Eye On Film: I Origins

The human eye is one of the most uniquely beautiful and intriguing objects in the entire known universe. There are perhaps more metaphors and phrases to describe its mysterious nature than any other part of the human anatomy.  The windows are the eyes to the soul maybe the most popular of these phrases.  And in the film I Origins this idea is expanded upon like never before.

Written and directed by Mike Cahill (Another Earth), I Origins is the story of molecular biologist and all around eye enthusiast Dr. Ian Gray (Michael Pitt), who is studying the evolution of the human eye in an attempt at proving that evolution, and not a God figure, is responsible for the creation of humanity.  He hopes to do so by proving that the eye evolved and was not created.  Years later, a series of incredible, almost impossible scientific coincidences causes Dr. Gray to reassess his entire belief system.   

Director Mike Cahill is aware of the real-life ramifications the film may have, but says his intentions were not to create a work that espoused one belief system over another.

“I think the movie’s kind of earnest and sincere,” Mike Cahill said during a press event for I Origins. “It’s not trying to stir up shit in a way that’s cheap.  I think it’s sincerely asking these question.  Like, if this were to be the case could you imagine a narrative in which maybe, possibly, something else happens when we die.”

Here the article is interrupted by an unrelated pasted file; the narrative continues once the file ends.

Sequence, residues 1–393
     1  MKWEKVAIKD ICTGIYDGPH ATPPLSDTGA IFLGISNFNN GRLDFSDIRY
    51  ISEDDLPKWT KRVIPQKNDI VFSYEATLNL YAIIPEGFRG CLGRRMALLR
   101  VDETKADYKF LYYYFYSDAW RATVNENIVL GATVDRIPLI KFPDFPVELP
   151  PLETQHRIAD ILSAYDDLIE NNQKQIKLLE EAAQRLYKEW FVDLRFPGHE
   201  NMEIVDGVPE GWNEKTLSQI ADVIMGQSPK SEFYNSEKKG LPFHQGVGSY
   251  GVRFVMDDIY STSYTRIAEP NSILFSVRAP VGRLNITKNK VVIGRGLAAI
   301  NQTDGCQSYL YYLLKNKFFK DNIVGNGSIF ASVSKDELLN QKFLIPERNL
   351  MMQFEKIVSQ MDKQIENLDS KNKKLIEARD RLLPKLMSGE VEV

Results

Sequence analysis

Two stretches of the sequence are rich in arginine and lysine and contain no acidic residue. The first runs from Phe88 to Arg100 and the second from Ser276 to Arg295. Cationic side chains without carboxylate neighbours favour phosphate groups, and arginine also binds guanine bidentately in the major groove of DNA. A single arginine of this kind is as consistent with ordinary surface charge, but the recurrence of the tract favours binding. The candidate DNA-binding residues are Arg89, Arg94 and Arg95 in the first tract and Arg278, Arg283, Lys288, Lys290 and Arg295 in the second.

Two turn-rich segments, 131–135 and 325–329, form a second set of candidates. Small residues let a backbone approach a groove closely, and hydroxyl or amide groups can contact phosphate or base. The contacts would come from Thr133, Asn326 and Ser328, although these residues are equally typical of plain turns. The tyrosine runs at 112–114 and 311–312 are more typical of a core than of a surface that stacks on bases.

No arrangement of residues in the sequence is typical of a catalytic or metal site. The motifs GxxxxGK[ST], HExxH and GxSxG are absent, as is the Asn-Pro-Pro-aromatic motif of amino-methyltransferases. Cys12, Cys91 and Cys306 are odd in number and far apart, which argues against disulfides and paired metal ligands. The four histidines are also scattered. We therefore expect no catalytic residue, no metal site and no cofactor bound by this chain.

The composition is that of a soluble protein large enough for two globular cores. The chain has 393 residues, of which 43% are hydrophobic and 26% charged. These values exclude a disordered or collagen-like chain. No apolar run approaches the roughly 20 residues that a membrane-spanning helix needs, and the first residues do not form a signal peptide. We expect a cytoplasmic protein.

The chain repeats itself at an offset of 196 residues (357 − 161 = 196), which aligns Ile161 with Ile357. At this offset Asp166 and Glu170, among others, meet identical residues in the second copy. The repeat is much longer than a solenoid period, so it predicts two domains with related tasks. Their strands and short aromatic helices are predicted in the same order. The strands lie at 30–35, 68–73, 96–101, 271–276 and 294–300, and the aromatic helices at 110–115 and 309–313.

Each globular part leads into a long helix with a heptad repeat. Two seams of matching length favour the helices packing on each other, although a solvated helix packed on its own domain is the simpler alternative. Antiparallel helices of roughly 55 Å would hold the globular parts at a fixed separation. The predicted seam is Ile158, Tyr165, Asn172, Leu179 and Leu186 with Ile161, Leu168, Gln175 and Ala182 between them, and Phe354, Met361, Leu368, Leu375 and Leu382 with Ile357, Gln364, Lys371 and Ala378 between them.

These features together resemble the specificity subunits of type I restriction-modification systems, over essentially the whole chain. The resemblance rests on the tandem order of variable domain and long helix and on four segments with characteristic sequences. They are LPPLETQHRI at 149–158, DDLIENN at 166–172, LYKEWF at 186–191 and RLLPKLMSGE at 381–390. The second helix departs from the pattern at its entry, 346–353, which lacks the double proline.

In the film, Dr. Gray’s soul mate turned philosophical catalyst is Sofi, played by actress Astrid Berges-Frisbey.  Sofi is an idealist who is in touch with her spiritual side. She nudges the science-minded Dr. Gray to at least be open to the idea of a higher power.

“I would say that she invites him to see the world in an entirely different way,” says Berges-Frisbey. “It’s a little bit how the film does to the [audience] in a way.  It doesn’t tell you the way you should think.  It just invites you to think about it.  She tries different ways.  She jokes about it, then she has an even more serious conversation and uses his vocabulary to explain those things.  That’s something that I’m amazed by.  She sees this possibility inside of him. I think that’s one of the reasons why he’s haunted by her.”

For a scientist to ever recant his or her worldview, like Dr. Gray considers, is tantamount to sacrilege.  “He’s obsessed with science and when you really research these guys you realize that you have to be obsessed,” says actor Michael Pitt on his character. “You pick a thesis and you go in that direction.  You don’t know for seven years if you went down the wrong road. It’s heavy.”

A particularly enjoyable aspect about I Origins is the ambitious subject matter.  The conflict between science and spirituality is as old as a millennia. However, the film broaches the subject in a clever way along with incorporating the real science of eye matrix into the film. The on screen chemistry between Michael Pitt and Astrid Berges-Frisbey is passionate and real.  While actors Brit Marling (Dr. Gray’s wife) and Steven Yuen, roommate and best friend of Dr. Gray, provided integral DNA, true north hope and comic relief to the overall tapestry of the movie.

Although I, Origins drags substantially in spots, it succeeds in taking an ambitious idea and making it bite-sized enough for consumption. 

The Shadow League gives I Origins a B.

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